Guantánamo: Obama Creates Indefinite System of Detention

A detainee waits for lunch at Guantánamo Bay. (Getty)
A detainee waits for lunch at Guantánamo Bay. (Getty)

The Washington Post is reporting that President Obama signed an executive order Monday that will create a formal system of indefinite detention for those held at the U.S. military prison at Guantánamo Bay, Cuba, who continue to pose a significant threat to national security. The administration also said that it will start new military-commission trials for detainees there.


The announcements, coming more than two years after Obama vowed in another executive order to close the detention center, all but cements Guantánamo Bay's continuing role in U.S. counterterrorism policy. Administration officials say that the president is still committed to closing the center, even though he did not mention it on Monday.

Bipartisan congressional opposition has contributed to the delay in closing the center, which could mean that detainees remain there for years, perhaps even for life. The new system allows them the prospect of successfully arguing in the future that they should be released because they do not pose a threat.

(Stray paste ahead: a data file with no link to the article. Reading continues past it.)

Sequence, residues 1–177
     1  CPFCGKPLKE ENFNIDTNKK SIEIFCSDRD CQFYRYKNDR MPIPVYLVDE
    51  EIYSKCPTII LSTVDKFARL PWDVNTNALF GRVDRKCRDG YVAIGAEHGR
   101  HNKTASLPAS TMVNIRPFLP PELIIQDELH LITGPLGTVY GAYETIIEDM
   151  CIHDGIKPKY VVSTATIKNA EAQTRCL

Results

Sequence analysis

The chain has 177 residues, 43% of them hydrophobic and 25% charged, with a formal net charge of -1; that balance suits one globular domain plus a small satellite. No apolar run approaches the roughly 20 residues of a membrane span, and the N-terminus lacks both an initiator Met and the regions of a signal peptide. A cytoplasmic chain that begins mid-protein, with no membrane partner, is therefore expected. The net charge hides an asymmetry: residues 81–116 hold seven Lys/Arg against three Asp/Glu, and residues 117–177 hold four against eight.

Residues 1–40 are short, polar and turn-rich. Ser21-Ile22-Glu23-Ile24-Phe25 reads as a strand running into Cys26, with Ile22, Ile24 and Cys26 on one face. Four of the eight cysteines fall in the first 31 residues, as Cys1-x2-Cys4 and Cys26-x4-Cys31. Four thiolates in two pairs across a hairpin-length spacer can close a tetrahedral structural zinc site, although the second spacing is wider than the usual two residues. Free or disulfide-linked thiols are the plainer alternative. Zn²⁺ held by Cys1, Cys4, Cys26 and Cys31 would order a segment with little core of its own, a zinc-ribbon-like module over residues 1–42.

Keeping detainees in jail "indefinitely" poses a major threat, sending a message that the human rights violations we challenge other countries over do not apply here. Perhaps the Obama administration thought that we would be paying too much attention to what's happening in Libya to notice what's happening here?

How are we going to keep detainees "indefinitely" without a trial, even if the "conditions" are decent? The administration claims that the president is not going back on his word. Anytime Rep. Peter King is supporting an executive order by President Obama, it is a pretty clear signal that the president is doing exactly that.

Read more at the Washington Post.

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